Measuring wavesPhase difference, ΔφThis is the fraction of a cycle between two particles within one or two waves. Example: the top of a peak has a phase difference of half of one cycle compared with the bottom of a trough.

Phase difference is often expressed as an angle difference. So in the above case the phase difference is 180°. Also with phase difference, angles are usually measured in radians. Where: 360° = 2π radian; 180° = π rad; 90° = π/2 rad

Measuring wavesWavelength, λThis is the distance between two consecutive particles at the same phase. Example: top-of-a-peak to the next top-of-a-peakunit – metre, m

wavelength λ

Measuring wavesPeriod, T

This is equal to the time taken for one complete oscillation in of a particle in a wave.

unit – second, s

Frequency, f

This is equal to the number of complete oscillations in one second performed by a particle in a wave.

unit – hertz, Hz

NOTE: f = 1 / T

The wave equationFor all waves:

speed = frequency x wavelength

c = f λ

where speed is in ms-1 provided frequency is in hertz and wavelength in metres

CompleteWave speed Frequency Wavelength Period

600 m s-1 100 Hz 6 m 0.01 s

10 m s-1 2 kHz 0.5 cm 0.5 ms

340 ms-1 170 Hz 2 m 5.88 ms

3 x 108 ms-1 200 kHz 1500 m 5 x 10-6 s

Superposition of wavesThis is the process that occurs when two waves of the same type meet.

The principle of superposition When two waves meet, the total displacement at a point is equal to the sum of the individual displacements at that point

reinforcement

cancellation

Stationary waves

A stationary wave can be formed by the superposition of two progressive waves of the same frequency travelling in opposite directions.

This is usually achieved by superposing a reflected wave with its incident wave.

Formation of a stationary waveConsider two waves, A and B, each of amplitude a, frequency f and period T travelling in opposite directions.

(1) At time, t = 0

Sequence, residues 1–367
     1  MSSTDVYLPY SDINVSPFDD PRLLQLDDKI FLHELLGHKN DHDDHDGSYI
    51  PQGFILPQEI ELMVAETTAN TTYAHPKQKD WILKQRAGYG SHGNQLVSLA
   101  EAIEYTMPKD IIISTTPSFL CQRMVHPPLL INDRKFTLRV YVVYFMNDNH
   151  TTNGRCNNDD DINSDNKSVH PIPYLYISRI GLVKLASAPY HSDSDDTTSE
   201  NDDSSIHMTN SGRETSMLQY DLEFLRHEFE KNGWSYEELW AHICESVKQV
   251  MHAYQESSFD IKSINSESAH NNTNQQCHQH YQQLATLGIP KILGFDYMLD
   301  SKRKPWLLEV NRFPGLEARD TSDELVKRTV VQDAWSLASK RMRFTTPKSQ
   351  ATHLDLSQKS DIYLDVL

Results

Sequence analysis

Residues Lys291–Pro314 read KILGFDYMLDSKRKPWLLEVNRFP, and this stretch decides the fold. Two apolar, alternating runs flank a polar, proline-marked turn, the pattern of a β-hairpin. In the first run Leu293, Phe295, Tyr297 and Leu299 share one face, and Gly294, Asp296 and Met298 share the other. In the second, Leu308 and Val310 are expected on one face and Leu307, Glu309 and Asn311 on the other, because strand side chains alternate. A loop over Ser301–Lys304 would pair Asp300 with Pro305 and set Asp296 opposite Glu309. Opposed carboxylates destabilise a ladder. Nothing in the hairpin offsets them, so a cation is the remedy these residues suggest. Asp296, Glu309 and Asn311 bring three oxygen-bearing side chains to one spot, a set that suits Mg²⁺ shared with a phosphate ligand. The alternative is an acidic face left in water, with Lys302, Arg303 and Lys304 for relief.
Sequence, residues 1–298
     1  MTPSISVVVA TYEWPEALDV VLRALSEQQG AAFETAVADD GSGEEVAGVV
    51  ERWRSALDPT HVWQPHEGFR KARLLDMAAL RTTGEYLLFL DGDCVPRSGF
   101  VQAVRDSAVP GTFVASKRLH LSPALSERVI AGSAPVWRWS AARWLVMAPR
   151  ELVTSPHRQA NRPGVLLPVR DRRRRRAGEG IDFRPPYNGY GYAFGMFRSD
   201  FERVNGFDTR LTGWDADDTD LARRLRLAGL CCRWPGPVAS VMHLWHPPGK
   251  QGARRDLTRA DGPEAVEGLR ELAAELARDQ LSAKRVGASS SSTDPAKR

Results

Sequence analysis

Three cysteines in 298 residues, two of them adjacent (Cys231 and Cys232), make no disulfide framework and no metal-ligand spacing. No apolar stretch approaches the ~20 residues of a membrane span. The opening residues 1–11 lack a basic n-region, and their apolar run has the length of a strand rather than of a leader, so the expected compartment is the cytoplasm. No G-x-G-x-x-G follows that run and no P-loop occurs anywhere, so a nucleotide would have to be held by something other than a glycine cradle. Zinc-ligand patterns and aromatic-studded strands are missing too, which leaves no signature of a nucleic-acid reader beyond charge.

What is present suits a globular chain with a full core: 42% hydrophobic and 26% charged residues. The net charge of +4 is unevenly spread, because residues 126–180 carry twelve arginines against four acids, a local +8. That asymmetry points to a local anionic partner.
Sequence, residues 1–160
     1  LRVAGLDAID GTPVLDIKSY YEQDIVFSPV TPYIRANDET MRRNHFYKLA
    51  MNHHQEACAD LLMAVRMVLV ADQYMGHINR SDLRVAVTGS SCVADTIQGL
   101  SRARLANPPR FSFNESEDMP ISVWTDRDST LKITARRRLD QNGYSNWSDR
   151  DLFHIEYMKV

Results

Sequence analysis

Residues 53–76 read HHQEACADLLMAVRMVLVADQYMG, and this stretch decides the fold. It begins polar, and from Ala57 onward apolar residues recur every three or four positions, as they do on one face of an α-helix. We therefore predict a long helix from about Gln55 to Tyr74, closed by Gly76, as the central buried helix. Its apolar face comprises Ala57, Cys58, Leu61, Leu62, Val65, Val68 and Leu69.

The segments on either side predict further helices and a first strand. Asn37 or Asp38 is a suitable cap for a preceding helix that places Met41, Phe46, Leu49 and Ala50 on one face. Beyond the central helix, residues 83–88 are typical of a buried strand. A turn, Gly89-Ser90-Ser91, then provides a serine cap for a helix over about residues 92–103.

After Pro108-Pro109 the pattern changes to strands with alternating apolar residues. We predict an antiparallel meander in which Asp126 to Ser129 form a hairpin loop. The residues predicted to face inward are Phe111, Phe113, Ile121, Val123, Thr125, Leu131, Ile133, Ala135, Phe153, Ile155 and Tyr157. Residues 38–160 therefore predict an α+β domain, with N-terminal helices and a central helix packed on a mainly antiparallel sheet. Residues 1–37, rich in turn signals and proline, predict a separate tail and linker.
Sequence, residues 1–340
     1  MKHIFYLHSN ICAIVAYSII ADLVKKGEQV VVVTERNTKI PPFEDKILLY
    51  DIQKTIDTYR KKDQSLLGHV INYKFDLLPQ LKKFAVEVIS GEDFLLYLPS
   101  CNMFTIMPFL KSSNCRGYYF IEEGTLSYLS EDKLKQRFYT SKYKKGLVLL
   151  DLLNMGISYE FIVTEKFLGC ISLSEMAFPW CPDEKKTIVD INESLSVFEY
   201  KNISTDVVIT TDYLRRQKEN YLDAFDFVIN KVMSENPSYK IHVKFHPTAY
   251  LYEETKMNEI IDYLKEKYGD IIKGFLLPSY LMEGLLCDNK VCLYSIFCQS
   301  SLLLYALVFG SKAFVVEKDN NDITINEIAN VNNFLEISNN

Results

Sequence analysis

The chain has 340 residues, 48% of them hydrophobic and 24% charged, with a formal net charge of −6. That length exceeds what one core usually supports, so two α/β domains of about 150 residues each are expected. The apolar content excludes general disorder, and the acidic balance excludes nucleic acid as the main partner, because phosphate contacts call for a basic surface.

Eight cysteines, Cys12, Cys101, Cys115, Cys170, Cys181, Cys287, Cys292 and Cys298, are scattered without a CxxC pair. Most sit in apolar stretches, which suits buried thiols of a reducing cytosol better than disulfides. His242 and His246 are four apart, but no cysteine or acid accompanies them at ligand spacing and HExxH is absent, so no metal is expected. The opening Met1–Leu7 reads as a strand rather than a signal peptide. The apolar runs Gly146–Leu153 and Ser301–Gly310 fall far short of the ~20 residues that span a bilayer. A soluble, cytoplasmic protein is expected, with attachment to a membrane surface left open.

Wave B Amplitude = 2a

Wave A

RESULTANT WAVEFORMREINFORCEMENT

N A N A N A N A N A N A N

(2) One quarter of a cycle later, at time, t = T/4 both waves have moved by a quarter of a wavelength in opposite directions.

Wave B

Wave ARESULTANT WAVEFORM

CANCELLATION

Amplitude = 0

N A N A N A N A N A N A

(3) After another quarter of a cycle, at time, t = T/2 both waves have now moved by a half of a wavelength in opposite directions.

Wave B

Wave A

Amplitude = 2a

RESULTANT WAVEFORMREINFORCEMENT

N A N A N A N A N A N A N

(4) One quarter of a cycle later, at time, t = 3T/4 both waves will undergo cancellation again.

(5) One quarter of a cycle later, at time, t = T the two waves will undergo superposition in the same way as at time, t = 0

N A N A N A N A N A N

(6) Placing all four resultant waveforms on top of each other gives:

Nodes (N) and Antinodes (A)NODES are points within a stationary wave that have the MINIMUM (usually zero) amplitude.

These have been marked by an ‘N’ in the previous waveforms.

ANTINODES are points within a stationary wave that have the MAXIMUM amplitude.

These have been marked by an ‘A’ in the previous waveforms and have an amplitude equal to ‘2a’

Comparison of stationary and progressive wavesProperty Stationary Wave Progressive Wave

Energy & Momentum

No net transfer from one point to another

Both move with speed: c = f x λ

Amplitude Varies from zero at NODES to a maximum at ANTINODES

Is the same for all particles within a wave

Frequency All particles oscillate at the same frequency except those at nodes

All particles oscillate at the same frequency

Wavelength This is equal to TWICE the distance between adjacent nodes

This is equal to the distance between particles at the same phase

Phase difference between two particles

Between nodes all particles are at the same phase. Any other two particles have phase difference equal to ‘mπ’ where ‘m’ is the number of nodes between the particles

Any two particles have phase difference equal to ‘2πd / λ’ where ‘d’ is the distance between the two particles